Now, of course, as the name of the festival implies, you have come for the music, but it won’t be easy to go to all the concerts, my friend. Sure, Kanye West is going to close out opening night at the Superdome, but you have met the woman of your dreams unexpectedly outside of the Sheraton Hotel on Canal Street, and she’s not going to the concert. She says she’s here for the free world-class workshops at EMF’s Empowerment Experience, which take place during the day at the Ernest N. Morial Convention Center. She’s also here for the parties, one of which is happening at the same time Kanye is scheduled to hit the stage.
What do you do?
Don’t be a dummy. You go see Kanye West. Not only is the music the reason you’re there in the first place; there will be more of the second reason you’re there (the women) at the Superdome who are also going to see Kanye West or Beyoncé or Janet Jackson or Chris Rock or Mary J. Blige or Maxwell. I saw all of these acts live at EMF. This year, they’re bringing out Beyoncé, which for EMF, is business as usual. The parties will go on long after the final act has left the stage, and you still have two whole days of parties ahead of you.
Save the sightseeing beyond the French Quarter for another trip to the N.O. During EMF, the French Quarter is where you need to be because, plainly put, that’s where the people are. Grab a bite to eat at Mother’s (401 Poydras St.), where they claim to have the world’s best baked ham, but I’m convinced they’re just being modest. Everything at Mother’s tastes like it’s the world’s best version of it. For example, the seafood gumbo, which I ordered.
If you don’t feel like waiting in the long line that stretches outside of Mother’s, walk over to Deanie’s Seafood (841 Iberville St.) in the heart of the French Quarter. There will be a wait as well, but you won’t have to stand in line; just lounge in the bar area or go outside and people-watch. Whatever you do, get there early enough to get a serving of crawfish. If you get seated at 2 p.m., there’s a good chance you’ve missed out.
Upon leaving your restaurant of choice, go get a Hurricane, and don’t sit down to drink it. Walk around the streets of the Quarter or all the way to the convention center, cup in hand. This is New Orleans; you can do that.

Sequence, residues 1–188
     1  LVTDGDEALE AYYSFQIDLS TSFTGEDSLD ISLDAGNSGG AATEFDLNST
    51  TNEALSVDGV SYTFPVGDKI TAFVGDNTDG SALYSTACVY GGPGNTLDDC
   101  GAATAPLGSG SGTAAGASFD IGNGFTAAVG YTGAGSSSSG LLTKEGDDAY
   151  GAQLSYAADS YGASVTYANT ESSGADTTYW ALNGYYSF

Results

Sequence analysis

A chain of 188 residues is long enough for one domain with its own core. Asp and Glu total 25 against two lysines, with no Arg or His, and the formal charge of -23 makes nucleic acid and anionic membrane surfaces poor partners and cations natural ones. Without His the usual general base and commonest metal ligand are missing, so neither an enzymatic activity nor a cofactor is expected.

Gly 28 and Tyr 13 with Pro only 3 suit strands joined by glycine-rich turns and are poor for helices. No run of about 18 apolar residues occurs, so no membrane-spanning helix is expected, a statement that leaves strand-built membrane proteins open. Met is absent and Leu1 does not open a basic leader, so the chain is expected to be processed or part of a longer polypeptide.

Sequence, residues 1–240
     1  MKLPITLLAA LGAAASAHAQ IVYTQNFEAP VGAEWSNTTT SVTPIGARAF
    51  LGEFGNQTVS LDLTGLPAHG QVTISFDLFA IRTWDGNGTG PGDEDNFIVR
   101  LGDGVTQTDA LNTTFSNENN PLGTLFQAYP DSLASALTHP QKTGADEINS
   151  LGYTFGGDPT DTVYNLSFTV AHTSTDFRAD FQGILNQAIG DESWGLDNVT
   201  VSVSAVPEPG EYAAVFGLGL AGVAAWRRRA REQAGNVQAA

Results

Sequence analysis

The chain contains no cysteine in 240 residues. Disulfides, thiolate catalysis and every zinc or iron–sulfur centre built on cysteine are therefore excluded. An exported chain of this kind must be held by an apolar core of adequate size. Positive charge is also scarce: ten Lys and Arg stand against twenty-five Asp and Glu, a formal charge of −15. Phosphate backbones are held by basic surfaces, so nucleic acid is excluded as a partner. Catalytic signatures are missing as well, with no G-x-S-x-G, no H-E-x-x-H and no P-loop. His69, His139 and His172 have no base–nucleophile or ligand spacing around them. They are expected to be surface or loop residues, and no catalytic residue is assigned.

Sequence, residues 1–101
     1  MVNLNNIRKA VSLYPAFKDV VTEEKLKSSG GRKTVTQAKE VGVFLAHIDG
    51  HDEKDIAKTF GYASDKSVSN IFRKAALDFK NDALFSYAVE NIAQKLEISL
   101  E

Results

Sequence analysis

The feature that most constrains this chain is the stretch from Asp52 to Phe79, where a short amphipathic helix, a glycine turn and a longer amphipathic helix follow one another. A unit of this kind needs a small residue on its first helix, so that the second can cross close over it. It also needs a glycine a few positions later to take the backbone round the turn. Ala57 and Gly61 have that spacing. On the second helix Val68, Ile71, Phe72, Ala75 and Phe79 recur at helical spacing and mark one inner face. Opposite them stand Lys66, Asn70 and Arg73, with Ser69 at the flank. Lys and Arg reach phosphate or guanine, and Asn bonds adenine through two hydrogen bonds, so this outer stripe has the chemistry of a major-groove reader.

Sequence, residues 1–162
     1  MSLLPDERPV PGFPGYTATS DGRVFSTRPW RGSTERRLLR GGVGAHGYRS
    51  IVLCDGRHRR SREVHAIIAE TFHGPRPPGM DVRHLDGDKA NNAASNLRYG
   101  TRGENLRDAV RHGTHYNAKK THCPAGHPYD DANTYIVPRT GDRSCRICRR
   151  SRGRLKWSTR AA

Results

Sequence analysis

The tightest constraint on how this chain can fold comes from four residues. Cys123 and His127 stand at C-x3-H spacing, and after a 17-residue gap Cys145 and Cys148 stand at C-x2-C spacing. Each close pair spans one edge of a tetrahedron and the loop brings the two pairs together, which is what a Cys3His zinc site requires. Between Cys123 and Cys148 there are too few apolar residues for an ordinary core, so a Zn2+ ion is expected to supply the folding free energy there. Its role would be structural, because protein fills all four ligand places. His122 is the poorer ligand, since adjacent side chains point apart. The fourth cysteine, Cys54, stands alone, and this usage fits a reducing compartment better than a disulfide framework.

The same thing you did last night is the same thing you will do Saturday night, and the same thing you will do Sunday night. You will go to the shows at the Superdome. When you get in a cab to get there, try to share a ride with people you don’t know. There are more adventures that way. Catch a blast from the past like Raphael Saadiq in one of the Superlounges, or one of the legendary homegrown acts like Rebirth Brass Band. At some point, you will wobble, baby, wobble, baby, wobble, baby, wobble. At the end of the night your feet will hurt, but that’s nothing another drink can’t numb (don’t be alarmed, this weekend was made for drinking), and so you do what’s prescribed, and you go on to the next party.
The truth is that most of my Essence Fest memories, the best ones at least, are a blur. I remember the big-time acts I witnessed, and I will never forget the days my friends and I spent lounging in the lobby of the W Hotel, taking down shots of Jameson with a pretty bartender we called Coach. There were also the day parties at places like the House of Blues where 2:00 p.m. felt like 2:00 a.m. My brain pastes them all together, so they kind of blur into a Romare Bearden-like collage of food that appeals to all five senses. But in the middle of it all remains the one clear image I always remember about Essence Music Festival in New Orleans, Fourth of July Weekend: Smiling faces.
Click here for The Root’s ultimate summer festival guide, and find out where to eat, sleep and party while you’re attending some of the season’s hottest events.